Impossible to find a plain white piggy bank with a cork for a snout.

Getting quite behind on work, predictably.

Couldn't find a quiet spot to cry in for love nor money whilst walking dog tonight, constantly interrupted by joggers, dog walkers, dogs, etc.


Half an hour battling with the evil jigsaw tonight has left me strangely becalmed. I was in actual (if repeatedly interrupted, as described above) tears of rage earlier this evening. Now I just wonder what's going on with the bottom edge with all the different sized leaves. I don't know who I am any more. We are about 3% done. F will have finished university before we finish it.

Only got lost twice on museum trip. Museum was strange but entertaining and highly Belgian. I especially like this sign, which admittedly was nothing to do with the museum:

Vet not too worried about rat.

L touchingly careful and lovely with rat, including extensive hoovering to protect him against dust.

Prog Rock sent me a box of four, very comprehensively packaged, home made hot cross buns. He's a prince among men. I had one this afternoon in a particularly low and grumpy moment and they tasted like home.

I simply can't resent or regret a minute of this lazy, luxurious empty time. I like being around for these mouldy, pointless weeks. I love their company. I like sitting on the sofa and watching CBBC and going to the cinema at 11 in the morning and baking crap cakes and doing the worst jigsaw in the world. I sometimes wonder if I take so much pleasure in it because my professional life is so fucked up, but really, does it matter? They're lovely. Maybe I can have one of those late flowering careers I hear about, actually, I pretty much have to because it's not as if I have a pension. ANYWAY. I'm enjoying my week, even though it is intermittently tiring, boring and expensive and sometimes all three at once.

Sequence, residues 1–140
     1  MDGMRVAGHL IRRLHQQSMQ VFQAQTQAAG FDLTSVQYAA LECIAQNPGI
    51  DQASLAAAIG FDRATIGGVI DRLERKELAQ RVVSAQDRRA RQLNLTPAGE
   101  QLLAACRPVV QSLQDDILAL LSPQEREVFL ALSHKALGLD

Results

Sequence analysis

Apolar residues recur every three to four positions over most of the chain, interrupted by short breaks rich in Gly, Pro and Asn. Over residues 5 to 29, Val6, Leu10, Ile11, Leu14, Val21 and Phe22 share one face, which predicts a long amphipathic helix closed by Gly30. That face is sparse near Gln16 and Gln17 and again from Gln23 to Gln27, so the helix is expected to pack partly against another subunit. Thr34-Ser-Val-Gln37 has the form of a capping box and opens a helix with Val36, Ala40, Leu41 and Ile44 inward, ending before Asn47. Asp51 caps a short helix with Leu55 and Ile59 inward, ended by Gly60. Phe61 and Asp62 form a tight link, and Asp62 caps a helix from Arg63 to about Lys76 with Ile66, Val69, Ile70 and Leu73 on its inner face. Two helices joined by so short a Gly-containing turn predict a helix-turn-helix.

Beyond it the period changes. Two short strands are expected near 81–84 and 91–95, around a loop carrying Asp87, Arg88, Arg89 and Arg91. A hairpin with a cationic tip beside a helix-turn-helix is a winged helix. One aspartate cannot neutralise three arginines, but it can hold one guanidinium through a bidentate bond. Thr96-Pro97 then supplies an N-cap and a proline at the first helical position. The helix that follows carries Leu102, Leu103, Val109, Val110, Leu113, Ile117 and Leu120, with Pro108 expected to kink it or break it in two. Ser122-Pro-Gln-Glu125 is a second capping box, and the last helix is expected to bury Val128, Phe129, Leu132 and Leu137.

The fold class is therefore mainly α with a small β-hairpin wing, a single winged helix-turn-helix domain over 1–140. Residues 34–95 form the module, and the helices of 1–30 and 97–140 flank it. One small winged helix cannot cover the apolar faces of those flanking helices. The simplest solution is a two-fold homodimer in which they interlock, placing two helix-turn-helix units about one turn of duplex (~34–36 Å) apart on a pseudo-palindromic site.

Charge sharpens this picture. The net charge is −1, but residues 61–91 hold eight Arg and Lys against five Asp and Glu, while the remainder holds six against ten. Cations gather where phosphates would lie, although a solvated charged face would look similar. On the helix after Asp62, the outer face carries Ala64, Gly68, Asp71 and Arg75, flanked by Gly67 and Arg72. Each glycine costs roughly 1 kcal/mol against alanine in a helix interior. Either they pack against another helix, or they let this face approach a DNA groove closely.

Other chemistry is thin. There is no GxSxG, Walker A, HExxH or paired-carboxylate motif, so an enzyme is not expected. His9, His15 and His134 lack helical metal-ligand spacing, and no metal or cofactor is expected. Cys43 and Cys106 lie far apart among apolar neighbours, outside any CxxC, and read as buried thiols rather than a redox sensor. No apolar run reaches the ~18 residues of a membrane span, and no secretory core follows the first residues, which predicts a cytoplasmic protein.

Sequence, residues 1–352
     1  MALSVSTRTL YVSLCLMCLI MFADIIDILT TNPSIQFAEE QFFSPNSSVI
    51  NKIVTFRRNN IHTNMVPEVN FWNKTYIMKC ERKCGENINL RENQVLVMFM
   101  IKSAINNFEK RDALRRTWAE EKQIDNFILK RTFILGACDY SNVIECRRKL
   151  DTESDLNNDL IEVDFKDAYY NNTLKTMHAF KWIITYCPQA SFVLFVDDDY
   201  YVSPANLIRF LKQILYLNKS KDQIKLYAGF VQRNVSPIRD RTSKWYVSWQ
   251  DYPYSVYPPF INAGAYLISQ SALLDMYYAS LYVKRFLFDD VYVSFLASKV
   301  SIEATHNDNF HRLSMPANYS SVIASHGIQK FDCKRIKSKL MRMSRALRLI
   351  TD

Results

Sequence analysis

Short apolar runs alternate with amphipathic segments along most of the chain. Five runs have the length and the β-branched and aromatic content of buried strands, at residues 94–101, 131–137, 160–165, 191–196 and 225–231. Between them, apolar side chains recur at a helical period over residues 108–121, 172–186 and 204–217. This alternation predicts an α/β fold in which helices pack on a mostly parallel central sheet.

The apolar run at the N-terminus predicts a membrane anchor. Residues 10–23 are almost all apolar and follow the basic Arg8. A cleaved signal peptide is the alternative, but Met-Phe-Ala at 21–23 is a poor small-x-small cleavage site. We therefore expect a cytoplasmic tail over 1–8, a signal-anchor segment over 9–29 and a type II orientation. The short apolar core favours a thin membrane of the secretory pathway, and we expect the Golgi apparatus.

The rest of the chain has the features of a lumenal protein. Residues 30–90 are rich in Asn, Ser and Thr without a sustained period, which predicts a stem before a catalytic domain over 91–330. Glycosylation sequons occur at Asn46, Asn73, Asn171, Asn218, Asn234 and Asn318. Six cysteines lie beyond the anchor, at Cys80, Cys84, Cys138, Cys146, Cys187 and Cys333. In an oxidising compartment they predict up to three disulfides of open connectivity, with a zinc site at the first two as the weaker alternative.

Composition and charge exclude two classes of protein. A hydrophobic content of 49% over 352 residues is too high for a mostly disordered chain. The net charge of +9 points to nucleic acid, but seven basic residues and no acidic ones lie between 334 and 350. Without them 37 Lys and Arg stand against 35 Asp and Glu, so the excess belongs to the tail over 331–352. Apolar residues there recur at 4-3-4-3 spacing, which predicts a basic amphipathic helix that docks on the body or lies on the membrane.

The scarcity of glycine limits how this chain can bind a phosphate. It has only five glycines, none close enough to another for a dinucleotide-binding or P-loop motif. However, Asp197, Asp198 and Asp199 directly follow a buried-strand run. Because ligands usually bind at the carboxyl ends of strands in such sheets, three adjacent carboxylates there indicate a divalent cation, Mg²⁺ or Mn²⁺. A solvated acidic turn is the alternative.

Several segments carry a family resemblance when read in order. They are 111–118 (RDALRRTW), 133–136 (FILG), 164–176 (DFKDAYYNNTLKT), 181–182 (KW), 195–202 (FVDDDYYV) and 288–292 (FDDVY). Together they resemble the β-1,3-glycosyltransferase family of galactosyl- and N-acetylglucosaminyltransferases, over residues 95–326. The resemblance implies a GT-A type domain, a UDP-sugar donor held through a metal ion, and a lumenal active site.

45% post-rage exhaustion
15% hot cross bun
15% fucking freezing, where did the nice weather go? I am back in opaques and multiple jumpers.
10% edge pieces
10% oppressed by livestock
4% wishing for a golden eagle
1% aware of contradiction between last 2 percentages, but not caring.

Monday, 14 April 2014

Vacances scolaires


I will be bankrupt by the end of the week attempting to amuse/clothe/feed my children during their Easter holidays. Today was already ruinous. We went to the toyshop so they could each buy a thing to amuse themselves over the next week so I could, you know, work. Unmolested. For the odd twenty minute stretch. L chose 2 DIY "fun" kits both of which require extensive adult involvement. One is a "space age garden" for which I have to boil up my own agar agar or something equally sordid. The other is a "make your own sweets" kit which, it transpires contains no sweet making ingredients at all, just a crap plastic rolling pin and some optimistic recipes. I suppose I should be grateful he spared us a rerun of the dreaded triops. F got a 1000 piece jigsaw of, I dunno, an Austrian lake or something. It looks exactly like the kind of jigsaw your great grandparents did in the 1970s and why on earth this is what he wanted eludes me entirely. Unfortunately, enormous jigsaws are the weak spot in my otherwise entirely balanced and reasonable personality, ahem, and I have been unable to leave the fucking thing alone all day. It is SO HARD: basically it is 50% water, 45% leaves and 5% "what the fuck is that fuzzy blob". I have been trying to match leaves for about 5 hours and F had to actually physically prise me away from it this evening. There is no guarantee I won't go back to it now he's in bed.

I have eaten 3.5 eclairs today, no, that's not an 'Up', it's disgusting and I feel a bit sick.

The dog was violently ill all weekend after a night staying with a neighbour and it has been unspeakable and there is no kitchen roll or bleach left in Belgium.

The rat is not recovering well, though he has recovered enough strength to fight like a banshee and hate me with the heat of a thousand suns when I try and administer his twice daily antibiotics. Also L is getting pre-emptively very sad about his future/fate/sad life and there seems to be very little comfort I can offer. Pet ownership, eh.

I have to find stuff to amuse the boys for another 4 days.

I just flailed around at the table and broke F's piggy bank, like a thieving, piggy bank raiding feckless bastard.